Eczema refers to a group of skin disorders, including atopic eczema, contact eczema, and stasis dermatitis, of which atopic eczema is the most common type (more than 50% cases) (1). It develops in both children and adults and is characterized by erythema, pruritus, papules, xeransis, and lichenification (2). The incidence of eczema is 4.6% in China (3), whereas in the United States, morbidity due to eczema among adults is 7.2% (4), resulting in annual treatment costs of $5.297 billion USD (in 2015) (5).
Currently, there is no cure for eczema, and treatment involves the use of basic emollient formulations; topical anti-inflammatory, photo, and antipruritic therapies; frequent cleaning; and dietary interventions, which are prescribed based on the individual’s clinical condition during the long course of treatment (6). Additionally, western treatment strategies for mild-to-moderate atopic dermatitis include topical administration of corticosteroids, which have limited efficacy toward moderate-to-severe atopic dermatitis (7). Besides, systemic ciclosporin and corticosteroids are restricted for long-term use because of their limited efficacy and potential toxic and side effects, such as allergies, skin thinning, growth retardation, relapse, and adrenal gland suppression (8). Almost half of the atopic eczema patients use complementary and alternative therapies, such as traditional Chinese medicine (TCM) (9). TCM may be a supplement or replacement for western medicine for the long-term treatment of eczema.
In China, patients with atopic dermatitis often receive alternative and complementary treatments as first-line therapy. The herbal medicines used to prevent the development and recurrence of atopic dermatitis are widely accepted. However, to date, only a few studies have provided conclusive evidence regarding the efficacy of oral ingestion or topical application of Chinese herbal medicines (CHM) in relation to adverse events (AEs) compared with other control interventions (10,11), due to methodological weaknesses of randomized controlled trials (RCTs). Only a few RCTs have demonstrated the efficacy (or lack of efficacy) of Chinese medicinal herbs in treating atopic eczema. Further, larger scale RCTs in this direction are warranted (12). Some researchers have reported the benefits of Runzaozhiyang capsules (RZZYC, component as shown in Table 1) in alleviating the symptoms of eczema (13).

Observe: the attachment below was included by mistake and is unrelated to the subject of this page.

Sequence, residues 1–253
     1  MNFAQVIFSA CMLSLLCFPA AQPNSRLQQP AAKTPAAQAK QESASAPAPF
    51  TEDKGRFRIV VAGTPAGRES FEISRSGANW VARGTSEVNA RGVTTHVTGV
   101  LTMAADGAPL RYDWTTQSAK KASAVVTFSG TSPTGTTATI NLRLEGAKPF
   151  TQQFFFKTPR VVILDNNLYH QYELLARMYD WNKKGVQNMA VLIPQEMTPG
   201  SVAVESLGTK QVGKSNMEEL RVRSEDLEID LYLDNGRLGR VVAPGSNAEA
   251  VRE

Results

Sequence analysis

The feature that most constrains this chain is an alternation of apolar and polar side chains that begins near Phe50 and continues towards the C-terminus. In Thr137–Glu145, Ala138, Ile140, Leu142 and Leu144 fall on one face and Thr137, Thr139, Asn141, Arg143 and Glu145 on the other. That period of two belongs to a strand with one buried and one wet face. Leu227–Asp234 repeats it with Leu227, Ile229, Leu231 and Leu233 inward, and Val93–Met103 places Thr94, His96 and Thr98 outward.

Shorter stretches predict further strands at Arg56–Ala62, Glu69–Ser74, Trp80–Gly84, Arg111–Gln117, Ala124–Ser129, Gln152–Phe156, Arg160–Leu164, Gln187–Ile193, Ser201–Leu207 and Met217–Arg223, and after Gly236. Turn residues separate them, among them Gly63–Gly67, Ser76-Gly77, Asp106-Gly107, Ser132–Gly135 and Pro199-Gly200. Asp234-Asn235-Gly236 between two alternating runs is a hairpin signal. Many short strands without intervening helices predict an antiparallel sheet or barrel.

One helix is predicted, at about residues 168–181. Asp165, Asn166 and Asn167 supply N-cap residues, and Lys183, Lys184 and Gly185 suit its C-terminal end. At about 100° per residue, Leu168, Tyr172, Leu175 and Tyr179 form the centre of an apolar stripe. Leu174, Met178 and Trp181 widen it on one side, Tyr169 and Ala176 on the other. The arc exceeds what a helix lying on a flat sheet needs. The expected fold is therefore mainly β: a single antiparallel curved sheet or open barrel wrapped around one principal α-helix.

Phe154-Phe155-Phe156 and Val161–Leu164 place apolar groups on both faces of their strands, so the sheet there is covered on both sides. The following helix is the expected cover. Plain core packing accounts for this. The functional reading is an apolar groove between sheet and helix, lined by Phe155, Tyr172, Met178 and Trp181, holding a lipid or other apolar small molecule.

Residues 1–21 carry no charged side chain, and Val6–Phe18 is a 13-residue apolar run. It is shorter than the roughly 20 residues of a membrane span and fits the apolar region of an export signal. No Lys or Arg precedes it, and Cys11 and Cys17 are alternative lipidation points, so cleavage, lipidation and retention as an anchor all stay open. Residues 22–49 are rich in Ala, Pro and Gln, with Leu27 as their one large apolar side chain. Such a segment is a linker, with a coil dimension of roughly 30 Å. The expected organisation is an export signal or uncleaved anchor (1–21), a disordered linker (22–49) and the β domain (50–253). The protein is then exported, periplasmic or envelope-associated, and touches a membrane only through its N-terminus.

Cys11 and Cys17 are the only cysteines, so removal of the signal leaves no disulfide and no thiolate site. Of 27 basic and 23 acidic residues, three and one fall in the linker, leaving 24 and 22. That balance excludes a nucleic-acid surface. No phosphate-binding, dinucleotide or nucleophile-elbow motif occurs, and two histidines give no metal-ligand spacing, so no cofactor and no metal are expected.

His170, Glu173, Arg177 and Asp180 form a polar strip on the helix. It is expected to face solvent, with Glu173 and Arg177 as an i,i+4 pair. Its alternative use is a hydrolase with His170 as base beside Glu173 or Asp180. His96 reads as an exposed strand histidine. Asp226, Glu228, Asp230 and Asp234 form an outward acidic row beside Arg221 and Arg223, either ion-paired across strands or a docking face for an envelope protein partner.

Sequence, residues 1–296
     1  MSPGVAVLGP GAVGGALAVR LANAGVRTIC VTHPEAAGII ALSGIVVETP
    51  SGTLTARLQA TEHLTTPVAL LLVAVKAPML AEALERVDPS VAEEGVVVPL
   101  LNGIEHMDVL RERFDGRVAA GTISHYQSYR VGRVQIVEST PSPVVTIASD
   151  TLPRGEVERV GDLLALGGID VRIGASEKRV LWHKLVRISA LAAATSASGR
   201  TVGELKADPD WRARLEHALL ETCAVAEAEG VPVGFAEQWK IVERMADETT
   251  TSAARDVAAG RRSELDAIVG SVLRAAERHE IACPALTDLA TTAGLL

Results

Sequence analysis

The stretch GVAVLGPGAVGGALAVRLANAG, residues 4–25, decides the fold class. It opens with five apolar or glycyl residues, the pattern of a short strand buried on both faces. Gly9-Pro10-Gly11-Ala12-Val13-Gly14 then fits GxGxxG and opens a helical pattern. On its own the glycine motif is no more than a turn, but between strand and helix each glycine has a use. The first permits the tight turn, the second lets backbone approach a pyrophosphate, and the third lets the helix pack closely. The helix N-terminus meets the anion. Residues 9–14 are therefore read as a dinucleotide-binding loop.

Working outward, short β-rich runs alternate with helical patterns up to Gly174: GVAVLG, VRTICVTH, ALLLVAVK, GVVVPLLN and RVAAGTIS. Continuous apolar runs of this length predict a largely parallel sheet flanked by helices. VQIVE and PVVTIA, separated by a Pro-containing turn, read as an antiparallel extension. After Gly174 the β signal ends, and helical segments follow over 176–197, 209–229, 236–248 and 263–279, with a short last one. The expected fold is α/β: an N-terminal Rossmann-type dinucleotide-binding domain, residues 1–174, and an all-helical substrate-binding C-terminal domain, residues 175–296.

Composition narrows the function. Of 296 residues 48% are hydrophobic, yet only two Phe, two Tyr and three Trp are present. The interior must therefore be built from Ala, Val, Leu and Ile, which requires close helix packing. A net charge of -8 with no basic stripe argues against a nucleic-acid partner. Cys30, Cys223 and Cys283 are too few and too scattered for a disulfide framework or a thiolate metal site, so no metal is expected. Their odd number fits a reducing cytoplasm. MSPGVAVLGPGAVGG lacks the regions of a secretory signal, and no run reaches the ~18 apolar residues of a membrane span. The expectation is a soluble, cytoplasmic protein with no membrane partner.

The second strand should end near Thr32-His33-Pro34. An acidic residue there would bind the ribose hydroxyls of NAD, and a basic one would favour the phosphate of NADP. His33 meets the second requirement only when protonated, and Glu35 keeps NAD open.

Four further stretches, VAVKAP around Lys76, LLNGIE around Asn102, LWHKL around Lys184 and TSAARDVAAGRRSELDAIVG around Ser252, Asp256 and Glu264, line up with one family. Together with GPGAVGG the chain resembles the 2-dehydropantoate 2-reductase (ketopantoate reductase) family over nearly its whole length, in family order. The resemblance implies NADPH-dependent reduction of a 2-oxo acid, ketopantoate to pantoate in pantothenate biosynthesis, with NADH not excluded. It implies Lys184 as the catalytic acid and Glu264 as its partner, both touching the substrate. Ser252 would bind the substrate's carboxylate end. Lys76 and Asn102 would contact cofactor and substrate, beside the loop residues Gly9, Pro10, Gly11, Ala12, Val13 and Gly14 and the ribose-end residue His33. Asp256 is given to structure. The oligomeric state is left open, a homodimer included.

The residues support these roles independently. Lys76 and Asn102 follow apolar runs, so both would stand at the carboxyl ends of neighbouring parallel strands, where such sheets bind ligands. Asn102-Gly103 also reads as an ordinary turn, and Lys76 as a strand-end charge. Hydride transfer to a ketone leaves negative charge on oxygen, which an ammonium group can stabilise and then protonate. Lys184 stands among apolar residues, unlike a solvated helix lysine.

Qinzhuliangxue decoction (QZLXD), an effective formula developed in the 1950s by Xia’s Chinese medical surgery (one of the most famous Shanghai styles of TCM) for atopic dermatitis has been clinically used for over 50 years. It comprises six Chinese herbs, as shown in Table 2, and has been approved by the Shanghai Food and Drug Administration (Petition Number: YZ170063). Previous studies have reported that QZLXD had satisfactory effects in alleviating symptoms of atopic eczema and maintaining long-term stability, thus improving patient quality of life (14). Although positive outcomes associated with QZLXD have been clinically observed, strong evidence is lacking. Therefore, we conducted an RCT on QZLXD to investigate its safety, clinical efficacy, and influence on adult quality of life in the treatment of atopic dermatitis in comparison with a placebo treatment.
Patients were selected based on the following inclusion and exclusion criteria. Inclusion criteria: (I) a diagnosis of subacute atopic eczema (15); (II) aged between 18 and 65 years; (III) affected body surface area between 3% and 10% (inclusive) as assessed by the palm method; (IV) skin lesions on the trunk or extremities, excluding the palms/soles, face/scalp, and vulvar areas; (V) willingness for participation and follow-up with a readiness to sign informed consent.
Exclusion criteria: (I) allergies to any medicine or ingredients used in this study; (II) pregnancy, lactating, or planning a pregnancy within a year; (III) clinically meaningful laboratory findings that could affect patient safety; (IV) history of primary cardiovascular, respiratory, digestive, urinary, endocrinological, and hematological diseases that cannot be controlled with ordinary treatments; (V) topical or systematic application of corticosteroids within the previous 1 and 2 weeks, respectively; (VI) participation in another clinical trial within the previous 3 weeks; (VII) non-cooperation, including language barrier and inability to reach the Research Center for medical treatment or other conditions or diseases that the researchers believe may cause significant risks or obscure the research findings.
Based on the difference between two sample rates, using the estimation formula to calculate the required sample size (16). The total effective rate at the end of treatment was defined as the effect index, and the predicted effective rates were 86.3% and 75.0% for the treatment and control groups, respectively (17). The inspection level (α) was 0.05 and power was 0.8 (β=1; power =0.2) were assumed. Based on the two-sided tests, the sample size was estimated to be 146, with 73 subjects per group. Owing to possible patient withdrawal, we increased the sample size by 20%, and a total of 176 subjects were required, with 88 participants in each group.
The randomization sequence was generated by study investigators who are statisticians. To balance the baseline characteristics between the two groups, subjects were assigned in a 1:1 ratio. The enrolled subjects were randomly assigned to receive 30 mL of QZLXD (n=82) twice daily after meals, or 4 tablets of RZZYC three times a day (n=86) after meals and an additional daily mizolastine sustained-release tablet. Eligible patients were randomly assigned to one of the two groups on the second.
The dosage used in the present study was determined according to the Chinese Pharmacopoeia (2010 edition). Quality control of the product was performed by detecting baicalin and paeonol with high-performance liquid chromatography (HPLC), as shown in Figure 1.
The study protocol was approved by the institutional review boards (IRBs) of Yueyang Integrated Traditional Chinese and Western Medicine Hospital, independent National Ethics Committee (EC), and Chinese Medicinal Agency (Approval Number: 2016-017). All participants provided their written informed consent before enrollment.